4.6 Gender and power in the workplace
If you are, or have been, employed in a health and social care service, think about the ways in which gendered power ‘works’ in that setting. If you are a service user, you might consider a care service that you know well, or you might prefer to reflect on your experience of working in a different kind of organisation.
Can you think of ways in which the structures and practices of the organisation reflect and reproduce inequalities of power between men and women?
One course tester wrote:
I worked for a while as part of a small team, where all the members were women, except for the manager who was a man. He was quite a ‘traditional’ man in many ways, and he tended to use personal charm to influence things – I think we saw him as a kind of father figure or benevolent uncle. He used humour quite a lot to oil the wheels. I suppose it was quite a benign use of male power, but it was power all the same, and the result was that women's voices, and maybe women's way of doing things, were marginalised.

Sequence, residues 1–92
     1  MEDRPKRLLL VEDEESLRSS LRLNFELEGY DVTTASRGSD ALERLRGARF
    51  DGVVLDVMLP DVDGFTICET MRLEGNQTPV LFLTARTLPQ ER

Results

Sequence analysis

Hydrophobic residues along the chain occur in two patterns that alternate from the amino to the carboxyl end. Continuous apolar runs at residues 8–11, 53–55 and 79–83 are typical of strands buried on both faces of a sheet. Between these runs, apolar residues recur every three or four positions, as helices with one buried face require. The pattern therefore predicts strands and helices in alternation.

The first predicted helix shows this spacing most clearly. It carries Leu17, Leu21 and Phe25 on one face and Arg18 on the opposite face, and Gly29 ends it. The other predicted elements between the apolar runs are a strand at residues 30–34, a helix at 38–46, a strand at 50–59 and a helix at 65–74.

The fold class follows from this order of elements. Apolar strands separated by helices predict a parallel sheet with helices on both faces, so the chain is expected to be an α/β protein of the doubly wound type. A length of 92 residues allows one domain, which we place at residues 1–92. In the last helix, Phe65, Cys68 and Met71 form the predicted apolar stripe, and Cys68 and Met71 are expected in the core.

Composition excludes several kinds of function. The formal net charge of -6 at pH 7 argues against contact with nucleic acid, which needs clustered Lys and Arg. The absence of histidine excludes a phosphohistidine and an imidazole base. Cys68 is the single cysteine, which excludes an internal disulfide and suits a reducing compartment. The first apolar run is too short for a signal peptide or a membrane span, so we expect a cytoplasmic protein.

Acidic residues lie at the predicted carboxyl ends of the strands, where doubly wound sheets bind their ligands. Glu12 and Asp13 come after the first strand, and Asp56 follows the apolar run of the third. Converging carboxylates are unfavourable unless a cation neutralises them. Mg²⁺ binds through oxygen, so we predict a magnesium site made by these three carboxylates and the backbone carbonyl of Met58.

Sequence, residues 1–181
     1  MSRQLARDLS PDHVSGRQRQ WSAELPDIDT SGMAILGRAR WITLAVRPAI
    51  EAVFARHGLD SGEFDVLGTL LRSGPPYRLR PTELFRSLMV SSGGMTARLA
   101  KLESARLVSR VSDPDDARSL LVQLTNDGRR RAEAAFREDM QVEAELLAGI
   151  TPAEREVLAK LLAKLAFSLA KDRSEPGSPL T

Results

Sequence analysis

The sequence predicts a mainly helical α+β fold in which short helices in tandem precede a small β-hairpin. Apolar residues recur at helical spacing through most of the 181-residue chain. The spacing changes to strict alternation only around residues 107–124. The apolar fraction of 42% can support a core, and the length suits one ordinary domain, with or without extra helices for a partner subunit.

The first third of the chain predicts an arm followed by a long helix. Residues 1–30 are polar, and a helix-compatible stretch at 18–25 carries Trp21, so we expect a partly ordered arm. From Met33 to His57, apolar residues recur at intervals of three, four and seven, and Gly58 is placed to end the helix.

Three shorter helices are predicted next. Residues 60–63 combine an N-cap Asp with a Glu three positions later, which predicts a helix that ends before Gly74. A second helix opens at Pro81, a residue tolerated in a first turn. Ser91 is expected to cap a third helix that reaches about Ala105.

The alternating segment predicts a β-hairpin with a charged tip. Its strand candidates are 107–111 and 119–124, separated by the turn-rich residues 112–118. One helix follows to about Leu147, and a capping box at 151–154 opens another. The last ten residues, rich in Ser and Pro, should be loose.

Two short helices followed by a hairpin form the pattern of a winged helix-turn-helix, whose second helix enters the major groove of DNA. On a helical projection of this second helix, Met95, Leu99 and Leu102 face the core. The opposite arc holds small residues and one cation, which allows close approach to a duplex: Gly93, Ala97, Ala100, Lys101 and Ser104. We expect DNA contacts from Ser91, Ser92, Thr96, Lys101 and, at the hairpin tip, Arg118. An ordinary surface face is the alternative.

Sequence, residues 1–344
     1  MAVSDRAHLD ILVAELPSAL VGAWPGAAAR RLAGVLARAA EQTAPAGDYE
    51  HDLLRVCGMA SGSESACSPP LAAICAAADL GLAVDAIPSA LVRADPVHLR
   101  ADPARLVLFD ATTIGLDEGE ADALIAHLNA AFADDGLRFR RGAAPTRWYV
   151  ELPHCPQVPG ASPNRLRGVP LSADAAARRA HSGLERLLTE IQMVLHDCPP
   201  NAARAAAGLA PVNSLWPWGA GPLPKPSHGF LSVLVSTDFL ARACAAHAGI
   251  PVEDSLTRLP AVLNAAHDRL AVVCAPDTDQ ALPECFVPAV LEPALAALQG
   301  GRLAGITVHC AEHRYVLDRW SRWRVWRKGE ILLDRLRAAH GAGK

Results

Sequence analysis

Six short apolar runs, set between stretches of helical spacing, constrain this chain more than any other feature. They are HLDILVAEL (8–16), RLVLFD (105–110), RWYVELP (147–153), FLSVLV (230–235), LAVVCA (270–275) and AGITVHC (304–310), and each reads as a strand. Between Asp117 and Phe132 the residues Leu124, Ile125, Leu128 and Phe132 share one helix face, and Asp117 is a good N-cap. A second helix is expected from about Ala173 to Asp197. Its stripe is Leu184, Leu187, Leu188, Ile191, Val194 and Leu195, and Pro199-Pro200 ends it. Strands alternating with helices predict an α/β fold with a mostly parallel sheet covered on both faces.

This is an example of gendered power operating indirectly, and in an apparently benign way. You may have thought of more direct and perhaps less benign and more oppressive examples of gendered power. One tester experienced a workplace where the manager and most of the staff were women, and thought men had less power in that situation. It is important to remember that gendered power can work both ways, while not overlooking the wider inequalities experienced by women in society as a whole.
Issues of gender and power also shape encounters between staff and service users in care settings, especially where those taking part are different genders. In the next activity you will reflect on the issues that may arise from this.